Forgot your password?
typodupeerror
Data Storage Media XBox (Games) Games

Xbox 360 Update Will Lock Out Unauthorized Storage 435

Posted by timothy
from the don't-embrace-this-time dept.
itwbennett writes "The other shoe has dropped on the upcoming preview program for the next Xbox 360 update and it's going to cost you. In a post on the Major Nelson blog, Xbox's Larry Hryb reveals that this next update will lock-out unauthorized storage devices. As blogger Peter Smith reminds us, 'the Xbox 360 comes in two (currently) SKUs, one with a hard drive, and one without. The drive-less Xbox 360 Arcade unit is cheap ($199) but to realistically use it, you'll need to buy a "Memory Unit" (basically a proprietary USB stick) or an Xbox hard drive.... A 512 MB Microsoft branded Memory Unit goes for $29.99 at BestBuy.com. A 2 GB third party Memory Unit from Datel goes for $39.99, and the Datel unit is expandable using microSD cards....If you bought the Datel and it's full of data, between now and the launch of the new update you're going to have to run out and buy 4 of the Microsoft units at $29.99 each, or more likely, pick up the $99.99 60GB Live Starter Pack for Xbox 360.'"
This discussion has been archived. No new comments can be posted.

Xbox 360 Update Will Lock Out Unauthorized Storage

Comments Filter:
  • by biryokumaru (822262) * <biryokumaru@gmail.com> on Monday October 19, 2009 @04:22PM (#29799445)
    They could always just upgrade to a real [google.com] gaming system.
  • by sopssa (1498795) * <sopssa@email.com> on Monday October 19, 2009 @04:29PM (#29799555) Journal

    Exactly. Consoles have always been a locked down device versus the openness of PC. I dont know why people are surprised when this kind of stuff happens.

  • by Quiet_Desperation (858215) on Monday October 19, 2009 @04:33PM (#29799639)

    Yeah, that kind of stuff never happens on PCs.

    http://en.wikipedia.org/wiki/SecuROM [wikipedia.org]

  • Audacious. (Score:5, Insightful)

    by fuzzyfuzzyfungus (1223518) on Monday October 19, 2009 @04:33PM (#29799641) Journal
    I find Microsoft's willingness to squeeze for storage interesting in two respects: One, it suggests a very high level of optimism about their position in the market. Two, it suggests that they don't much care about, or aren't making much money from, downloadable offerings for the Xbox(or that they view those offerings as being extremely compelling and likely to drive consumer behavior).

    If they weren't confident of their position, and were actively trying to drive down the perceived cost of their product, storage would be a natural target. Just let people use bog-standard flash drives for game storage, and the market will continually release cheaper ones faster than any one company could even do design revisions. Same basic idea with basic HDDs. The fact that Microsoft isn't doing that suggests that they are very confident in their price point.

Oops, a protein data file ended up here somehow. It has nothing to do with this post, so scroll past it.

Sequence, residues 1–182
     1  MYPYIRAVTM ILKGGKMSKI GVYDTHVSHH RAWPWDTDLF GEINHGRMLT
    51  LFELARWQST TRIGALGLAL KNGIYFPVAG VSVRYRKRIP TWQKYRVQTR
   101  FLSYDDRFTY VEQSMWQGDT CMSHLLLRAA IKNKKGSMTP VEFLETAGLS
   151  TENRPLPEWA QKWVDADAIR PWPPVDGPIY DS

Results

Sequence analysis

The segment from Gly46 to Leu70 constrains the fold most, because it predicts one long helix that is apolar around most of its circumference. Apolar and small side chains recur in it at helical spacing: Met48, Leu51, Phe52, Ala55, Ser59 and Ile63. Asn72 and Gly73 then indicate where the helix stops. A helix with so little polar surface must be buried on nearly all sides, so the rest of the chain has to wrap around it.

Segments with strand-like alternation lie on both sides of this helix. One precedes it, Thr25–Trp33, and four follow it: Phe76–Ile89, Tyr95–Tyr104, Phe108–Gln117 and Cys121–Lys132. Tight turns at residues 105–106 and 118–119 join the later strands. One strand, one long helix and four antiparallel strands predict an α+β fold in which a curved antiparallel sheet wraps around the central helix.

As for downloads, if Microsoft were making good money on those, they would want users to have huge hard drives, rather than limping along on a nasty little 512meg card. Again, they don't seem to be thus motivated.
  • Anti-competitive (Score:5, Insightful)

    by syousef (465911) on Monday October 19, 2009 @04:34PM (#29799661) Journal

    Locking out the competitor's product should be illegal. If you can't compete because your product is overpriced, you shouldn't be propped up. Yes that may mean that people have to pay the true cost of a console or printer or other device, as it isn't subsidised by content/ink etc. It's called honesty. Manufacturers should try it some time.

  • by ZuchinniOne (1617763) on Monday October 19, 2009 @04:35PM (#29799667)

    Stuff like this is why I still haven't bought an X-Box, PS3, or Wii ... I'm so sick of this proprietary crap. I'm just waiting for an open source gaming system ... oh yeah ... I've got a PC :)

  • I'm so sick of this proprietary crap.

    So you go for the game with no LAN play that you have to connect to proprietary Blizzard Servers? At least consoles give you little to no expectation of openness.

  • Re:oh Microsoft... (Score:1, Insightful)

    by Anonymous Coward on Monday October 19, 2009 @04:39PM (#29799731)

    Wait, are we talking about the xbox360 here?

    The console is laughably easy to hack. All you have to do is plug in the DVD drive SATA to your computer, flash the firmware using a special program and you're done.

    Compared to previous consoles going back to the PS1 where you have to solder in another circuit board the 360 is crazy easy.

    Now the hard drive upgrade is slightly more difficult if you want to save all your old data.. If you're just getting a brand new console and upgrading from 20-120GB though again, frigging easy.

  • by Anonymous Coward on Monday October 19, 2009 @04:43PM (#29799793)

    Meanwhile the Feds looked at Microsoft's Monopoly and decided it all soft, fluffy and harmless.

    What monopoly? I walk into the living room and see a Wii. Are you sure Microsoft has a monopoly on video games?

  • Re:Audacious. (Score:4, Insightful)

    by ILikeRed (141848) on Monday October 19, 2009 @04:45PM (#29799831) Journal